At work, finding homes for the homeless


Late last summer Salma Azizza was tasked with finding housing for a client whose previous residence had been condemned.

“The first place we looked at had bullet holes in the wall. Nothing had been fixed, and there was a strong smell of ammonia,” said Azizza, 32. Azizza works as a supportive housing case manager at Transition Projects, a Portland-based homeless services provider. “I said: ‘If I’m not living here, neither are you.’”

Azizza eventually found a suitable apartment. The client moved in right after Christmas. 

“I adore this woman,” she said. “It was the best feeling ever to know I helped this woman — to know she is now safe in a livable environment.”

Azizza has spent the past few years working for homeless services nonprofits in the Portland area. A mother of three children, she has experienced intermittent homelessness herself and is a recovering addict and child abuse survivor. 

“My clients say: ‘Nobody gets me; nobody knows what it’s like to be homeless.’ I say: ‘Actually I do’ and share my story.” She recently showed her sister the water tower she used to sleep under and the smoking section at the bar where she used to sleep.

Using grant funds from Multnomah County, Azizza helps her 19 clients pay rent and utility bills and access food boxes. She also assists with medical appointments, grooming, “anything that is not overstepping one of our own personal boundaries.”

Navigating a fragmented system of care and changing property ownership add to the challenges of her job. Azizza said she is seeing a wave of property ownership transfers; in the space of  about a year, one of the buildings her clients live in went through four different property owners. 

Another client needs to relocate because of domestic violence. During the application process, the building the client wanted to move into changed hands. 

“She paid for an application, viewed the apartment, and then nothing,” Azizza said. “She was just ghosted.” Azizza and her supervisor visited the property, to no avail. “We gave up. We’re looking at other buildings.”

By her own account, Azizza had a “horrible upbringing” — molested by her stepfather and physically and emotionally abused by her mother. The Oregon Department of Human Services (DHS) placed her in foster care when she was a freshman at Cleveland High School.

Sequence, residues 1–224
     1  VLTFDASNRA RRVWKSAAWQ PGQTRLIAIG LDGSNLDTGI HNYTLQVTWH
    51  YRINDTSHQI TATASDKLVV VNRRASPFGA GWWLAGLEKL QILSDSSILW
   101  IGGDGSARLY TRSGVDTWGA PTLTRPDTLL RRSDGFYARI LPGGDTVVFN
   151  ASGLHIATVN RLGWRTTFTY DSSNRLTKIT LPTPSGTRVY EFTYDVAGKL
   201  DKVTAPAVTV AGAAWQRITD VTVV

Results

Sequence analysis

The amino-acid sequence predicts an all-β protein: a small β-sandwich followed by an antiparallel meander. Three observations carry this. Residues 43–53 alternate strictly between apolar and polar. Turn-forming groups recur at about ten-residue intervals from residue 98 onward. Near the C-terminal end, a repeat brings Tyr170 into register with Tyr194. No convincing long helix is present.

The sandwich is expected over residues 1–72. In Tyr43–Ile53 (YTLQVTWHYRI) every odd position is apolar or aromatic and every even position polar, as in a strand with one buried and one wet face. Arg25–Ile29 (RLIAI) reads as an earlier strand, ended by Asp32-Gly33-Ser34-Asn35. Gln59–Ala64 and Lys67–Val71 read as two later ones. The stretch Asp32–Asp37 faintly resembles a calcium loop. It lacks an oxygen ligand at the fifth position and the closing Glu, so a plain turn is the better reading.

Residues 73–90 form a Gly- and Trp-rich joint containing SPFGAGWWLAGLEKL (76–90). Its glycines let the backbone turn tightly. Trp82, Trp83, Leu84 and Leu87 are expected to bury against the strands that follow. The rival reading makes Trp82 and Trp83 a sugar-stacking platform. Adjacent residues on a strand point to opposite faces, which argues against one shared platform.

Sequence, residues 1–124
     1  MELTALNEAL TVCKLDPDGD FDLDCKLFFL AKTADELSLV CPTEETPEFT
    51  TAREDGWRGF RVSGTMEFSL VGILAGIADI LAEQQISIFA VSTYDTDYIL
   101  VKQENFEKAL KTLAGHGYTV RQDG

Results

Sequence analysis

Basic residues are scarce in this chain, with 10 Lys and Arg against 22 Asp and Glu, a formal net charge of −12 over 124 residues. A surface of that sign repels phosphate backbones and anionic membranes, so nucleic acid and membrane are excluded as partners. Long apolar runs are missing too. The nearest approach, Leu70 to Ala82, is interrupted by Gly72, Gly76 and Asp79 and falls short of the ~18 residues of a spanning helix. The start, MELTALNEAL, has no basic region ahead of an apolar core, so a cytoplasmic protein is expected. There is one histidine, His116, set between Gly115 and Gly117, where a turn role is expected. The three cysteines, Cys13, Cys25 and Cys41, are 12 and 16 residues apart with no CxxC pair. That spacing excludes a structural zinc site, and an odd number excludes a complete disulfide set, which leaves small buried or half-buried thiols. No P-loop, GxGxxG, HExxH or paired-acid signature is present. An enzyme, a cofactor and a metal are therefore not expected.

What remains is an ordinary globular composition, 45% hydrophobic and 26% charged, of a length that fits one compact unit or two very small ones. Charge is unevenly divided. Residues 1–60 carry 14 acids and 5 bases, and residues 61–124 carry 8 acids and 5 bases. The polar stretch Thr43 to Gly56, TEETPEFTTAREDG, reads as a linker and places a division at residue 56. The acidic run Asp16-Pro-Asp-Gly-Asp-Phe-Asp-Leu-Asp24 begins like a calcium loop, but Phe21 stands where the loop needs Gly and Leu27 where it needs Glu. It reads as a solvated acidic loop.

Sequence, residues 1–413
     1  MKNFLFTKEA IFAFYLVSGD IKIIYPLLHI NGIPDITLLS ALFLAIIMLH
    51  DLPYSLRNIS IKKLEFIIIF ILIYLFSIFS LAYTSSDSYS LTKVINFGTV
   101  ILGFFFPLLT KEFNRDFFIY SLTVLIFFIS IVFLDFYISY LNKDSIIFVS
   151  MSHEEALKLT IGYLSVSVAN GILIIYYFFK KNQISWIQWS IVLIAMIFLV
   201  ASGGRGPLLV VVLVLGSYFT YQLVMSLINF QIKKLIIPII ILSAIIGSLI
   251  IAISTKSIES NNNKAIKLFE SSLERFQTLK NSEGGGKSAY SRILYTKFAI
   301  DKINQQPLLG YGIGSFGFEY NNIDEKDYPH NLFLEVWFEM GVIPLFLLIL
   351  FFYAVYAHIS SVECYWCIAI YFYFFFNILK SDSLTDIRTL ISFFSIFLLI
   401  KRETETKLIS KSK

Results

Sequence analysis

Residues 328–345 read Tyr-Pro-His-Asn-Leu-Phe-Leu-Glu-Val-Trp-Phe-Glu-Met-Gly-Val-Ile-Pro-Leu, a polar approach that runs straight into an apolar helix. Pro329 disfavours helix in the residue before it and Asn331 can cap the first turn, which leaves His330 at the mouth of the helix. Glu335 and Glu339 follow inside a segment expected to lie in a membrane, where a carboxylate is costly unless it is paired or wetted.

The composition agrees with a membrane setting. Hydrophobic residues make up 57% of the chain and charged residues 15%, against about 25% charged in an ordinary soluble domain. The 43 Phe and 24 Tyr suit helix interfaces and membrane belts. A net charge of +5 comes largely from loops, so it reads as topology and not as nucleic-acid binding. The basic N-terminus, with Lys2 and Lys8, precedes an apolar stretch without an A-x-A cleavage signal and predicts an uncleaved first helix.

Against the odds, Azizza graduated in the top 10% of her class from Oregon National Guard Youth Challenge Program, an alternative high school. Fulfilling a long held dream, she joined the AirForce, but was medically discharged following a knee injury. 

After her mother died unexpectedly, Azziza’s life spiraled downward into meth addiction and homelessness, culminating in DHS taking away her own baby daughter.

Several years later, Azizza was clean, and reunited with her daughter. She and her husband secured an apartment through Central City Concern, a homeless services nonprofit that eventually gave Azizza her first job in the field — staffing the front desk at the Blackburn Center. During the pandemic Azziza took another position helping open Transition Projects’ Banfield Shelter Motel as a resident advocate. In January 2021 she started working as a graveyard shift supervisor.

A member of AFSCME Local 88, Azizza makes $23 an hour, up from the $21 hourly rate she earned last year. She said the benefits at Transition Projects, including mental health days, “are amazing.” She also credits her manager and supervisor for understanding that these are high-stress, high-maintenance jobs. “If you don’t take care of yourself, you can’t take care of your clients.”

Azizza faces her own housing struggles. Following a rent increase in December 2022, she and her husband now pay $1,318 for a two-bedroom apartment on NE 122nd, up from the $1,200 they paid last year. They would like to move the family to a better location with more responsive management. “Ridiculous” rent hikes make that virtually impossible, she said.

Legislation approved by Oregon lawmakers in 2019 limits rent increases to inflation plus 7%. But that meant  landlords could increase rents by up to 14.6% in 2023.

Despite the challenges, Azizza said she is proud of her job. She likes knowing that she makes a difference in her clients’ lives — and that her own struggles can be a source of inspiration. 

“I tell clients: I can dwell in the past and let it take over. Or I can step up and not be a statistic and make a new life story.”


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